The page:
Going to a "column name" that has been calculated - "Error in if (diff >= 1) { : the condition has length >" 1

Hello team

I am quite new to coding in R and seems to have fallen into a fix for a while now.

For easiness sake, I have made a df - code below (as R does not allow me to embed more than 1 item as i'm a new joiner)

booked <- data.frame(Room=c(101, 401, 601), 

colnames(booked)<- c("Room", "2019-12-10", "2019-12-11", "2019-12-12")

data <- data.frame(Room=c(101, 401, 601), 
                                        Arrival=(c("2019-12-10", "2019-12-11",  "2019-12-12")),
                                        Departure=(c("2019-12-11",  "2019-12-13",   "2019-12-15")))                            

I need an output that tells me which all days were booked, something like this-

In essence, I need to first get the column name (which is a date) "calculated", but all sorts of errors pop up, including

"Error in if (diff >= 1) { : the condition has length > 1"

for(i in 1:nrow(booked)) 
  for(j in 1:ncol(booked)) 
    diff <- as.numeric(as.Date(data$Departure)) - as.numeric(as.Date(data$Arrival))
        if(diff >=1)
            {    y=as.numeric(as.Date(data$Arrival)) + diff -1 
                  booked$y = "booked" 
                  diff = diff-1
         {      y=data$Departure
                booked$y = "NA" }

Grateful and thank you if someone is able to figure this out!

There's an idiom to error messages in R that takes a while to get attuned to. In this case it is directing attention to a "condition" in if(). The parameter in if() cond. From help(if)

A length-one logical vector that is not NA. Other types are coerced to logical if possible, ignoring any class. (As from R 4.2.0, conditions of length greater than one are an error.)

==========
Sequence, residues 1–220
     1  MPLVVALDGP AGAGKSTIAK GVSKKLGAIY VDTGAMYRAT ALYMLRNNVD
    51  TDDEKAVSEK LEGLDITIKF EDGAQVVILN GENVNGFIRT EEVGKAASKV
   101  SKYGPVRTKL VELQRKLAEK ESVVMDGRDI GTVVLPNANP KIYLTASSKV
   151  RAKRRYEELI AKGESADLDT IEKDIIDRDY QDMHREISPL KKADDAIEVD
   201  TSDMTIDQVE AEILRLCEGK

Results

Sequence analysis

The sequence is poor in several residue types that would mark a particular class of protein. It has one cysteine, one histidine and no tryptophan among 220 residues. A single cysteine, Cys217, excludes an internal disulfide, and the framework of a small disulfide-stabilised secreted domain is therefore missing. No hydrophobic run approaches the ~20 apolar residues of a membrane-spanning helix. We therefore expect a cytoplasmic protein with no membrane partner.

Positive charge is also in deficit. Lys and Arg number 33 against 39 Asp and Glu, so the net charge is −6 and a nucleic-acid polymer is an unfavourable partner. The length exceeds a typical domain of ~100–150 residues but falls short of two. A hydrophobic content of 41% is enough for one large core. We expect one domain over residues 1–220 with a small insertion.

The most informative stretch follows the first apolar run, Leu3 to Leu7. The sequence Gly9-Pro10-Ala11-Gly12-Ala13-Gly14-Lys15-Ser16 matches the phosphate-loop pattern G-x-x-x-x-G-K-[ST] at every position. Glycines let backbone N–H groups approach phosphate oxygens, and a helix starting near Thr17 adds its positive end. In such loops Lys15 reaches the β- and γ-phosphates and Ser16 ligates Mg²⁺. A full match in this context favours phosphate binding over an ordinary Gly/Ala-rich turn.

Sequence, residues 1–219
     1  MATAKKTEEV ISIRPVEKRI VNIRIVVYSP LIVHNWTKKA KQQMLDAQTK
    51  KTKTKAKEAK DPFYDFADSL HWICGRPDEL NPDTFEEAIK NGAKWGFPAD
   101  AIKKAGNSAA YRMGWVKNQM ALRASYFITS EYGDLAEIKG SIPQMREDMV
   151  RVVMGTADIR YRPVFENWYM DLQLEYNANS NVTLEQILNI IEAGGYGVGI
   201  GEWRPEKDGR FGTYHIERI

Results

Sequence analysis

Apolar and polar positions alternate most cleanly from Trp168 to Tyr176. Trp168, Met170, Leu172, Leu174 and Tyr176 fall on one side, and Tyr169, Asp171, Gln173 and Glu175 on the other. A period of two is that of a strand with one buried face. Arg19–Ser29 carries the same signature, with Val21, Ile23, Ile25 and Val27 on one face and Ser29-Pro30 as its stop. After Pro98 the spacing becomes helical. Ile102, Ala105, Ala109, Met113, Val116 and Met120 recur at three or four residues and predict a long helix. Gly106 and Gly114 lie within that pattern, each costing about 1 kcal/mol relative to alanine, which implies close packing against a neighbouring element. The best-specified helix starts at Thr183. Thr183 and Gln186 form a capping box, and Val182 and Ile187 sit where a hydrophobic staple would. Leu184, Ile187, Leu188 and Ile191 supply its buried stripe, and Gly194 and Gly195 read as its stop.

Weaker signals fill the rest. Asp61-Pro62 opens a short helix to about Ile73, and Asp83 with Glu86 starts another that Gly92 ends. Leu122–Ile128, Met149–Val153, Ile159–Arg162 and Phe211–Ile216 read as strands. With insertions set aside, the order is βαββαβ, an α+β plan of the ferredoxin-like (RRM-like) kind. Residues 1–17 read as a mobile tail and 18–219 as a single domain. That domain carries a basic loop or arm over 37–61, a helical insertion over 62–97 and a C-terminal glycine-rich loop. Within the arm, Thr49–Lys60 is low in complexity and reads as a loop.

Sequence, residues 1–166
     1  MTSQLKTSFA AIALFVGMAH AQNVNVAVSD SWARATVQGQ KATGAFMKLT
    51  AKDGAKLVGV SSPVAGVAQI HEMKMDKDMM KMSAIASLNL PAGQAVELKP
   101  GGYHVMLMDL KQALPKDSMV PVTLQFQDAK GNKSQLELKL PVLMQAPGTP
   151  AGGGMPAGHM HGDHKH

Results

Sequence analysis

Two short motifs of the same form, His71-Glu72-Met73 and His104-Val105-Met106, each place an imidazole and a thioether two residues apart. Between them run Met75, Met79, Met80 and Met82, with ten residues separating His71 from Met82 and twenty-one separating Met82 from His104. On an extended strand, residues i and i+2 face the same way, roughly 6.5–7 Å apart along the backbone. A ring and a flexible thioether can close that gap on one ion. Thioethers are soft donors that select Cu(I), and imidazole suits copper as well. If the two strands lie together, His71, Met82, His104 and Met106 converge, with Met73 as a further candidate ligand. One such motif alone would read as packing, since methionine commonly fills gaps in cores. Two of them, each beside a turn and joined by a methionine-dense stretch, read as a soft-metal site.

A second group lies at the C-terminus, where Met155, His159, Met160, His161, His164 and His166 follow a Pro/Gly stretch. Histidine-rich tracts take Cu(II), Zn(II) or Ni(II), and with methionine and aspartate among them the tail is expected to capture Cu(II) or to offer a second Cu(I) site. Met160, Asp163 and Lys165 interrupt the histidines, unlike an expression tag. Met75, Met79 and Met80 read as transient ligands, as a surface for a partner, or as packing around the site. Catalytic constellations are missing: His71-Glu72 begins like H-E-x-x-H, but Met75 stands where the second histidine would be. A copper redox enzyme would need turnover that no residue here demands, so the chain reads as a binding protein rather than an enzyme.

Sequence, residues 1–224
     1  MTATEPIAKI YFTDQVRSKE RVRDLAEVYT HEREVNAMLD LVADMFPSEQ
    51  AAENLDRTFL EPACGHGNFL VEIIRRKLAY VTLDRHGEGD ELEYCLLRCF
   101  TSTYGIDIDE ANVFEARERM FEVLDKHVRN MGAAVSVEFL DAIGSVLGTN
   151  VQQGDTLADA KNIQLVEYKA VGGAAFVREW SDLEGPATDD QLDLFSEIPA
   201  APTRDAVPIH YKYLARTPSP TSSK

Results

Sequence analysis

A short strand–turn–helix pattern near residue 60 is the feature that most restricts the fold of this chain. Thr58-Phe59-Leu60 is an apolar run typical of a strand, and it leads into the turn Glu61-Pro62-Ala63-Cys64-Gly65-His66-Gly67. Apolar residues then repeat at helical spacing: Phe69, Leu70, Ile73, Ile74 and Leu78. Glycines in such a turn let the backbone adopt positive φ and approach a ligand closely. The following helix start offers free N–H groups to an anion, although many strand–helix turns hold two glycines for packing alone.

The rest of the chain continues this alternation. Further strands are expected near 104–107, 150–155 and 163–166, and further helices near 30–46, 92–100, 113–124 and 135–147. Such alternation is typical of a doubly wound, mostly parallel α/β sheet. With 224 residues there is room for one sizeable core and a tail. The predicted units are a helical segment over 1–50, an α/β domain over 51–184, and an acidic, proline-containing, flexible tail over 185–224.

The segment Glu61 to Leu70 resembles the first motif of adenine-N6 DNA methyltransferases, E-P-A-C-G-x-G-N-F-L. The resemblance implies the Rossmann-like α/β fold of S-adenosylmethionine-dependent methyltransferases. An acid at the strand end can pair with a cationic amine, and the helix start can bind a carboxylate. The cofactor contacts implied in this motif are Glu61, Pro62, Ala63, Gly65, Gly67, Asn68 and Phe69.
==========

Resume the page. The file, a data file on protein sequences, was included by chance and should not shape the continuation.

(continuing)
Translation: Take an object named diff and evaluate


If the return value is not 1 (it won't be here), the condition needs to be modified so that it is one. diff is created in the .local environment of the inner for loop based on the numeric value of the difference between two variables of the data object. To see what that does, evaluate it in the .Global environment.

dat <- data.frame(
  Room = c(101, 401, 601),
  Arrival = c("2019-12-10", "2019-12-11", "2019-12-12"),
  Departure = c("2019-12-11", "2019-12-13", "2019-12-15"))

dat |> str()
#> 'data.frame':    3 obs. of  3 variables:
#>  $ Room     : num  101 401 601
#>  $ Arrival  : chr  "2019-12-10" "2019-12-11" "2019-12-12"
#>  $ Departure: chr  "2019-12-11" "2019-12-13" "2019-12-15"
# convert character reprsentation of dates to date objects
# since it will come up frequently, make it an object

datify <- function(x,y) lubridate::ymd(x[y][[1]])

dat[2] <- datify(dat,2)
dat[3] <- datify(dat,3)
dat |> str()
#> 'data.frame':    3 obs. of  3 variables:
#>  $ Room     : num  101 401 601
#>  $ Arrival  : Date, format: "2019-12-10" "2019-12-11" ...
#>  $ Departure: Date, format: "2019-12-11" "2019-12-13" ...

(length(diff <- (dat[3] - dat[2])[[1]])) == 1
#> [1] FALSE

# create function, just for practice

is_length0 <- function(x,y,z) {
  x[y] = datify(x,y)
  x[z] = datify(x,z)
  (length(diff <- (x[z] - x[y])[[1]])) == 1

#> [1] FALSE

Created on 2023-01-27 with reprex v2.0.2
Note that the effect of wrapping an expression in () to immediately evaluate it.

(Now is a good time to get in the habit of avoiding built-in functions as user-created objects—data is one, and df another. It's often possible to get away with it, but sooner or later some operation is going to give priority in namespace to the function object and complain when it feels that it is being mistreated as a data object and there may be an error message to the effect that can't subset a closure.)